March 30, 2012 at 8:01 pm
One of the neighbor’s kids stopped by our house last week to purchase what he called “Already Dyed Easter Eggs”. After musing over his question it occurred to me that he was referring to the fact that our chicken eggs are not the typical grocery store white. This led him to believe that they were very special and a thus, a better egg.
I explained to him that the hen decides the color of the egg shell and while some lay white, others lay tan, brown, greenish-blue or speckled eggs. Then he asked why our eggs were so much better than the ones from the store. My response was, “Because we treat the chickens well”. Satisfied with my answers but now thinking that the egg color was dictated by a hen’s personal decision versus a genetic factor, he ran off to convince then to produce a few pink eggs for the Easter Bunny.
For most of us, finding answers to what makes a better egg requires a bit more research. In today’s grocery stores, you’ll find a range of egg options from “Organic” to “Free-Range” to “Cage Free”. But what is the best egg choice for your family and the environment?
My personal preference – beyond raising your own chickens – is to purchase local eggs from small family farms that allow their hens access to the outdoors. You can usually purchase these types of eggs directly from the farmers or at local Farmers Markets.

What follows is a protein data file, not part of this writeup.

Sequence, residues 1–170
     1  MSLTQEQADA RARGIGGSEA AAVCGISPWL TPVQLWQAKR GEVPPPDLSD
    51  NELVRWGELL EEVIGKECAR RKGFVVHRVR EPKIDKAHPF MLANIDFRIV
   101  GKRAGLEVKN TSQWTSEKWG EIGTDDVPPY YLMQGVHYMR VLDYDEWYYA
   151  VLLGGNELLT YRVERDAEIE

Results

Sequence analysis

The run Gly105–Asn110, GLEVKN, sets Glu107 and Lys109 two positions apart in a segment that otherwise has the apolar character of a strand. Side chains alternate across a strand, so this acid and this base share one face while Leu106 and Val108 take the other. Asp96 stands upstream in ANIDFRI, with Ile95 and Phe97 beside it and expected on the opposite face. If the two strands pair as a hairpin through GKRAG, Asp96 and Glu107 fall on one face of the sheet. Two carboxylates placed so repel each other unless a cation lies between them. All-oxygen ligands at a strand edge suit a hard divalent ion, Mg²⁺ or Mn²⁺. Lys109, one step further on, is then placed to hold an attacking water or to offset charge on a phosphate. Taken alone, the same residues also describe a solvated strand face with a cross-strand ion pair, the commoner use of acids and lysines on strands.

But if your only choice is purchasing eggs at the grocery store, you’ll encounter numerous cartons covered in statements that can be hard to truly understand. I believe the best eggs really do come from hens that are treated well, so I reference The Humane Society of the United States interpretation of the labels and regulations when I am shopping for eggs. To see the details of all the labels found on egg cartons, I encourage you to read more here. You will be shocked!
In summary, I look for eggs that are “Animal Welfare Approved” or “Food Alliance Certified”. These two organizations insure that the hens are given access to natural environments, good food sources, and the enforce poultry management practices that are the most humane. When you can’t find certified eggs, check with the farmer/supplier to find out more about how the hens are managed. Unfortunately, just relying on labels for Organic, Free-Range, Cage-Free or Natural eggs, don’t necessarily mean that the hens are getting the best treatment possible.
So as you hunt for eggs this year, become familiar with these labels and what they truly mean. You’ll be rewarded not only with tasty eggs, but you’ll also be supporting better management practices and environmental conditions for the hens.
Kate Ruffing transformed her home on Bainbridge Island, Washington, into a “sustainable living lab,” where she explores living an eco-friendly lifestyle that works for her and her family. She shares her sustainable living solutions on her blog Camp 4, and here on Momster.com.